So you have the Bra Boys, with fearless Koby Abberton... says it all, 'that pound for pound Ours or Cape Solander is the most dangerous wave on the planet' due to how close it breaks to the cliffs or rocks. The actual place, I don't think it’s that gorgeous compared to other big wave spots but yeah, it sure creates some amazing barrel rides and wipeouts. But then it's probably the smallest big wave spot on the planet as it rarely gets above 12 feet.

Seeing as you’re big wave surfing’s most noted and dedicated big wave documentarian, what are some of the top moments you’ve witnessed?
What I have learned is historic big wave events don’t happen a lot. For 30-years I shot everything in surfing and then to-to-15 years ago I said bugger it, if it's not over 10 feet then I won’t bother. So I concentrated on only big wave locations. For 30-years I shot everything in surfing and then to-to-15 years ago I said bugger it, if it's not over 10 feet then I won’t bother

Chasing ASP and WSL events was over. It was great, and loved every minute of it, from sunset to dawn. But I guess it was time to move on and the industry changed anyway and my services weren’t required any longer.

So my home base in Sydney i found that I had the southern hemisphere covered. Teahupoo, Fiji, Western Australia with the Right and Cow Bombie. Tasmania with Shipsterns and Pedra Blanca and Sydney with Cape Solander. 

Then I discovered Nazare and thought that place is too hard to chase from Australia when there’s a monster swell forecast. So I decided that I’ll have to live there during the Northern Hemisphere winter and come home in early March to continue my endless winter here in Australia.

So with that, I get to cover the world so I don’t miss anything. But I definitely had issues with big swells heading to Hawaii when based in Nazare. So I’ve started to realise that i can’t be everywhere. But it still gets me anxious. In Portugal I have a “FOMO” reputation! The fact is I hate missing swell events of significance. 

But yeah I’ve seen some incredible days. As I said before, they don’t come all the time. 
1) Has to be Code Red at Teahupoo. 

2) 1981 Bells which was my first paid surf shoot. It was the biggest Bells ever during an event plus Simon Anderson showed the world the future in both surfing and design riding on three fins, the Thruster.

3) Shipsterns Biggest Day back in May 2011. 

4) Fiji’s Cloudbreak from May 2018. 

5) The Right when Mick Corbett bagged that bomb in June 2015 and then his brother Dan in April 2018. 

Dan Corbett at The Right.

Dan Corbett at The Right.

© 2020 - Tim Bonython.

6) Nazare when Rodrigo Koxa got his world record bomb in November 2017.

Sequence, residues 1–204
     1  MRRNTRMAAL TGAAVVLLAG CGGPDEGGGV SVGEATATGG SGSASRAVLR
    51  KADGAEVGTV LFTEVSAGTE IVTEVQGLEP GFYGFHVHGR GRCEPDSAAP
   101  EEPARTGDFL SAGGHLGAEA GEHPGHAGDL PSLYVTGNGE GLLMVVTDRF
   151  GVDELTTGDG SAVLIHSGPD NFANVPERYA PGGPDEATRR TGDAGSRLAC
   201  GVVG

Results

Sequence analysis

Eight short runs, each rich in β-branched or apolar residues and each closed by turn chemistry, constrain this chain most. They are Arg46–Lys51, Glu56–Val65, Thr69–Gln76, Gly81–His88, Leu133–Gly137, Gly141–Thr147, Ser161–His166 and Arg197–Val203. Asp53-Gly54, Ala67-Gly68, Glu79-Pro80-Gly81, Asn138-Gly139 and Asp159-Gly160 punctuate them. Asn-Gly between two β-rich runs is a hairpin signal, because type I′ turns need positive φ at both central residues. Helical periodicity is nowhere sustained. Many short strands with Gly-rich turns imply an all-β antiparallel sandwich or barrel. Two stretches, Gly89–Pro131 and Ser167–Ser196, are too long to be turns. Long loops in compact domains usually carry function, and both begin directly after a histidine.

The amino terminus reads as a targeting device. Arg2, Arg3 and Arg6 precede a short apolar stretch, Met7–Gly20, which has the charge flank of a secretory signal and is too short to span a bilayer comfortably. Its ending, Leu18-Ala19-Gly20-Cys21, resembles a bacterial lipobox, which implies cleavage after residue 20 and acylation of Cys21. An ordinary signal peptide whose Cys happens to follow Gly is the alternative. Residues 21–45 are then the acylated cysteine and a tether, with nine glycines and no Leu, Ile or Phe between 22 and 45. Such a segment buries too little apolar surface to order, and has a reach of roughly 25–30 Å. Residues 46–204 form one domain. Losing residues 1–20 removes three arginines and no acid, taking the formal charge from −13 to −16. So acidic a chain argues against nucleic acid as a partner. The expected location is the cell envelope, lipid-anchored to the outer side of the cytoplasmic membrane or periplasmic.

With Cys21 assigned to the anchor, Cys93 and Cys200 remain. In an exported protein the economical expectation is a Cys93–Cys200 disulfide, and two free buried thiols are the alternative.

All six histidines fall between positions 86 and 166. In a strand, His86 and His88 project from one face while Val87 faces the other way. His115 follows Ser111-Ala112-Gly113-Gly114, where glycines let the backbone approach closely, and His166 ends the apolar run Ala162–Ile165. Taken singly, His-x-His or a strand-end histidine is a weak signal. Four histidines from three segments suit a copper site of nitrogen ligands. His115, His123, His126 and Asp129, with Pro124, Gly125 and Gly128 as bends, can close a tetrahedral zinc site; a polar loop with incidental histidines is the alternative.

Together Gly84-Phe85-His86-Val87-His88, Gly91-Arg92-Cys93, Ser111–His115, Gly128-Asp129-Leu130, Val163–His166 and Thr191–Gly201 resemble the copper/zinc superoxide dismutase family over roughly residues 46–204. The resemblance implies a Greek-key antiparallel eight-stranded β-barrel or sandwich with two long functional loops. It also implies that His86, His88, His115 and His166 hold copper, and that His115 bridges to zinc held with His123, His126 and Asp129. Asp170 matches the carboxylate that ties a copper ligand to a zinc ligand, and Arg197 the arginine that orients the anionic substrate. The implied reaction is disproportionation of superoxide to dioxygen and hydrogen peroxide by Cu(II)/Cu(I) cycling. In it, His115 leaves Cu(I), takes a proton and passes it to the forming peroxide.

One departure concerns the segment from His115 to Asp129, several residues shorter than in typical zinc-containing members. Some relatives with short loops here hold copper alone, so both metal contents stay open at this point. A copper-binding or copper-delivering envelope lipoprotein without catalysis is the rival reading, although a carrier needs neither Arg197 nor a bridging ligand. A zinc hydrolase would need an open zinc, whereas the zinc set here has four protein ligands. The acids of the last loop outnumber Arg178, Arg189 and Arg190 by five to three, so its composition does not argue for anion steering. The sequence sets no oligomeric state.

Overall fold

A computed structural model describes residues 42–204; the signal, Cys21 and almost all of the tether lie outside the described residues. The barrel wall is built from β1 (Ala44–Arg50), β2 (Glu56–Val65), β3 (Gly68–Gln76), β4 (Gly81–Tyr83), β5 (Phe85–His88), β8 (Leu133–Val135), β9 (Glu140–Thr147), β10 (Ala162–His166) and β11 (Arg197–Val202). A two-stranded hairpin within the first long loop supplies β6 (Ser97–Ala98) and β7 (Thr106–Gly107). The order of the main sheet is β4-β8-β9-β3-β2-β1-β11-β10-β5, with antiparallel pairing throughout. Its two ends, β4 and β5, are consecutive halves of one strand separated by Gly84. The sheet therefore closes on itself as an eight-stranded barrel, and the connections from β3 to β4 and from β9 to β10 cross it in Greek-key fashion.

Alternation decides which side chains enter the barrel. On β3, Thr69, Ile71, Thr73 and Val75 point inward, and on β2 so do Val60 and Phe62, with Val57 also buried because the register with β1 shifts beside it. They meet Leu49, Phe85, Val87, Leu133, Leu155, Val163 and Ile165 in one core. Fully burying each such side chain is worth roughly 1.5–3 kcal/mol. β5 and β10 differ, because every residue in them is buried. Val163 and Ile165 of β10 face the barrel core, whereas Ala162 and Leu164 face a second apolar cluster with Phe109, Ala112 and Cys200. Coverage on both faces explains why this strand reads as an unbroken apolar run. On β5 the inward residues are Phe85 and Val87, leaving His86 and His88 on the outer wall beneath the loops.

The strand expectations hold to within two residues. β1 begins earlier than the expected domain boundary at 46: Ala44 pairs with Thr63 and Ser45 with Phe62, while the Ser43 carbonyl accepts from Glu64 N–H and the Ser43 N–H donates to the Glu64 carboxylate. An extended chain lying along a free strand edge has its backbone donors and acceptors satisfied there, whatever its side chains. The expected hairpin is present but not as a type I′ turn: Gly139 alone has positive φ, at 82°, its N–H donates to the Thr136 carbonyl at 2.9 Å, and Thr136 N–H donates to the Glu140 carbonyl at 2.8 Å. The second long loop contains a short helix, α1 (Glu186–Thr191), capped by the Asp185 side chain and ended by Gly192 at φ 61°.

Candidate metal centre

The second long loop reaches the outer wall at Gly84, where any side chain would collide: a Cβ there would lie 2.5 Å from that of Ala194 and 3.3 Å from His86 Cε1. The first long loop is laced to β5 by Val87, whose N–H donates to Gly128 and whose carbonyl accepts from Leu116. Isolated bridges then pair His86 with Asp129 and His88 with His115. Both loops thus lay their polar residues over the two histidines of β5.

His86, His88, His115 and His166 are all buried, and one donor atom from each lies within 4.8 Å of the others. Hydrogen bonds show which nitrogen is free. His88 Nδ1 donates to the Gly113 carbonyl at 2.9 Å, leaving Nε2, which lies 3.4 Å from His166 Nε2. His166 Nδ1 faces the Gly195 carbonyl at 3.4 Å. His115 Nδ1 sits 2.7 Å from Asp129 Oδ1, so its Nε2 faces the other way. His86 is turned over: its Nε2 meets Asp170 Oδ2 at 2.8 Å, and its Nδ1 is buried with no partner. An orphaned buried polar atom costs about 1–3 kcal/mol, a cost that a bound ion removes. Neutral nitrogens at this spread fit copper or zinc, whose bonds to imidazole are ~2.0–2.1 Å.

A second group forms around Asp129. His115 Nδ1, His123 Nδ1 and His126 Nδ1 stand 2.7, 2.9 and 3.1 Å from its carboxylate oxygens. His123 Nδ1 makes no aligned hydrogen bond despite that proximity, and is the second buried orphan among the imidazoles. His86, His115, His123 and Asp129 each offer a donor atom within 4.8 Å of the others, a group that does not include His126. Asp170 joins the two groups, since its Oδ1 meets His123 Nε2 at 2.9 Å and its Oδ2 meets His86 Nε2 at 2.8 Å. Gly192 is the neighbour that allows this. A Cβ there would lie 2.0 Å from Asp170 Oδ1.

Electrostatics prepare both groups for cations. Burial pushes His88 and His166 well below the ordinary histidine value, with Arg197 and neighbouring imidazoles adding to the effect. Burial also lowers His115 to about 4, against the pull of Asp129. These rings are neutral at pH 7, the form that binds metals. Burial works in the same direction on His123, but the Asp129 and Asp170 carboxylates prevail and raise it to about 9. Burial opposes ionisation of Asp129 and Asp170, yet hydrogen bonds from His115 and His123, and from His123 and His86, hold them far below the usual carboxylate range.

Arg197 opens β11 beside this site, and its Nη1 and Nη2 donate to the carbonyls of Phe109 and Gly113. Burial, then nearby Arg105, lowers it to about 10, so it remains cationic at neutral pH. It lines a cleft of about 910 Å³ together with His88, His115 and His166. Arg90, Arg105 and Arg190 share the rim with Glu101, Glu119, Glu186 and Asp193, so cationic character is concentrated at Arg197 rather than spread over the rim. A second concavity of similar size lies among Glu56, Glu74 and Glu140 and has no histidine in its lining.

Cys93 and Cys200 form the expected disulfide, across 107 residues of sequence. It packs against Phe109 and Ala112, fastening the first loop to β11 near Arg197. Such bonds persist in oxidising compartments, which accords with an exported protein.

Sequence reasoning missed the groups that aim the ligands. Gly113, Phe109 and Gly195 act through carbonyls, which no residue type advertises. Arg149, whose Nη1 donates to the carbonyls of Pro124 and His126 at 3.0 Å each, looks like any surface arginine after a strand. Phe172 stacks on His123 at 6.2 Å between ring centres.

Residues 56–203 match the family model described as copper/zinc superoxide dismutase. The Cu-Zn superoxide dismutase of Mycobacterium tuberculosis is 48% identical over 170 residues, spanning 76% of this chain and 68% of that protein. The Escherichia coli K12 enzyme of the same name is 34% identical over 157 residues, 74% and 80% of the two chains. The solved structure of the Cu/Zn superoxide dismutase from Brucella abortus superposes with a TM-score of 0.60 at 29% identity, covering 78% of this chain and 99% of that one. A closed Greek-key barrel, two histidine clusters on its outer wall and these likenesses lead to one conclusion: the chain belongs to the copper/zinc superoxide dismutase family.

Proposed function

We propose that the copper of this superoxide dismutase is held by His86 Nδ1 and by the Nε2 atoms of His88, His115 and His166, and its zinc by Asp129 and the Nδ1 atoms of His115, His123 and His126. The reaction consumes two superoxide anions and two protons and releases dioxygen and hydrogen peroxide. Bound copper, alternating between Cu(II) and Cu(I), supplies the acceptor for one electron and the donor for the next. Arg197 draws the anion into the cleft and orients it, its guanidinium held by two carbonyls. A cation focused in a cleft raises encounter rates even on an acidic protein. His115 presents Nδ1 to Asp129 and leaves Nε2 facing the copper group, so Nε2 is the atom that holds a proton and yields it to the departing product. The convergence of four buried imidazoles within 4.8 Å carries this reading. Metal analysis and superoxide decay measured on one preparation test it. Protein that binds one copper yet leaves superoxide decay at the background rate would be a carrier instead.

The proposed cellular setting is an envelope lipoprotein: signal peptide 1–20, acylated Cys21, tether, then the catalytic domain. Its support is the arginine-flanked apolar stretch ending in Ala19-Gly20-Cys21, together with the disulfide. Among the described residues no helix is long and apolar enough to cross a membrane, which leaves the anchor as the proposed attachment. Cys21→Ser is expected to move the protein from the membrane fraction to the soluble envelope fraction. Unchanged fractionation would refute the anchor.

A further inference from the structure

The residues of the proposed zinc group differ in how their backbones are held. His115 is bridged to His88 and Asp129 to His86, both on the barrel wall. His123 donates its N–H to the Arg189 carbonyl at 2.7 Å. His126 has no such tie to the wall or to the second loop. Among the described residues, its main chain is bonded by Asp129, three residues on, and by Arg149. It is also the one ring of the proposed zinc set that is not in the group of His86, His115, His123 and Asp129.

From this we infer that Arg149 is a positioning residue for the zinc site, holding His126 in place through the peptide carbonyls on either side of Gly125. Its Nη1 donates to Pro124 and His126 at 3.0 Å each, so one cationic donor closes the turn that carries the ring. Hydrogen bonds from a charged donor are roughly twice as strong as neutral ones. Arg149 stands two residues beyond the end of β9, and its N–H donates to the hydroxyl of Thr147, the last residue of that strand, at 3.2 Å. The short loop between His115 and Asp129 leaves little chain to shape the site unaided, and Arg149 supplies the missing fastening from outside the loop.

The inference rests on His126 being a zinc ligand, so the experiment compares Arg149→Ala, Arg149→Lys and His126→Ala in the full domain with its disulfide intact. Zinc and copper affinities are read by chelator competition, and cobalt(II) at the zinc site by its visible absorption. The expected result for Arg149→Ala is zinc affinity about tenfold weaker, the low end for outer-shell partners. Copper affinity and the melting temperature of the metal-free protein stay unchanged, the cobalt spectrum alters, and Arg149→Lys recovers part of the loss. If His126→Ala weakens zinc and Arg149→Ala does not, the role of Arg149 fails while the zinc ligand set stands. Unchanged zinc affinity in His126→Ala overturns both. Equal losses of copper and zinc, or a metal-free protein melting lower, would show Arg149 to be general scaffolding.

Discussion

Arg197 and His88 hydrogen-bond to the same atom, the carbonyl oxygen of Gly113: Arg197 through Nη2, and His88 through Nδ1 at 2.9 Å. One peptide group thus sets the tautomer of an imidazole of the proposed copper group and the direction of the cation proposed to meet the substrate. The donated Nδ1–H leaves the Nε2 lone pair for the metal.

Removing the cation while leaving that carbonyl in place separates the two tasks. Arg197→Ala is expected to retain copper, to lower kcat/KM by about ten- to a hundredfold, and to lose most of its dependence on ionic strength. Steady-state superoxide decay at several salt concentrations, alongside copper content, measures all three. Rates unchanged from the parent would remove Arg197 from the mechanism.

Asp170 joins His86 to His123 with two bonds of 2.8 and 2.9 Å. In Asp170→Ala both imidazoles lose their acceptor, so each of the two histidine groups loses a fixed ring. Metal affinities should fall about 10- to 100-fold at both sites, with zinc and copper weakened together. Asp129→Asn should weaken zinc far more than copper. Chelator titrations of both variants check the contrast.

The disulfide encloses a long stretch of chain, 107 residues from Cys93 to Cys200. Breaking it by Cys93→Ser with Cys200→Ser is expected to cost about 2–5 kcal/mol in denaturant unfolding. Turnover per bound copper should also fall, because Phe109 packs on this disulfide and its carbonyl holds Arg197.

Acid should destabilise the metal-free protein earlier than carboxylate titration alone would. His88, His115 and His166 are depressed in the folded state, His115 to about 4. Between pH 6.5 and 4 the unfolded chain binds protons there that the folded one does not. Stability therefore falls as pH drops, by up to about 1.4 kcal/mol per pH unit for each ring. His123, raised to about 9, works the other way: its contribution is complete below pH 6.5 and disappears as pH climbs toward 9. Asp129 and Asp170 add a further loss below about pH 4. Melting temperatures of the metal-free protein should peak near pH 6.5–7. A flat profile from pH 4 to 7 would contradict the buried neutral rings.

7) Would be the last monster swell in February when Kai Lenny rode that right. So there’s been a few that’s for sure.

How are things in the world of Tim Bonython right now? 
I suppose it’s been good to look back at my library. So we are editing away. It is now all about creating the best documentary from the footage I shoot. 

Although I continue to keep looking at the charts every day, hoping in the back of my mind that I’m not going to miss a significant swell unfold! [laughs] My FOMO side ain’t going away! I’d hate to miss it.

But I have plenty to do here in the editing and directing space with all these projects that need to be completed by later this year. Plus I get my filming fix by packing the Red Camera into my water housing and go shoot the locals groms here at my home beach Avalon and hopefully inspire some future big wave surfers.

Kai Lenny being Kai Lenny out at Nazare.

Kai Lenny being Kai Lenny out at Nazare.

© 2020 - Tim Bonython.

  
What do you think the big wave landscape could look like post-COVID? 
That's...hard to say. Hopefully still earning a dollar in the job that I love. But if I get to Nazare this year, I feel that the whole surf thing is going to be different. Not as many big wave surfers flying in as we would normally see. Less camera crews... But the good thing is, Nazare is in a great place compared to other parts of the world, so hopefully I’ll see lots of happy faces because they’re beautiful people. And guess what, it will be pumping and I don’t want to miss it. 

Overall, due to COVID-19, we had a wake up call to look after each other differently and pay attention. Focus on what's important and leave unnecessary things behind. Sandrine is focussed in keeping our lives in order and to a minimum. As long as you can function and be happy, it is all good. 

Tim staring into the eye at Cloudbreak.

Tim staring into the eye at Cloudbreak.

© 2020 - Guy Mac.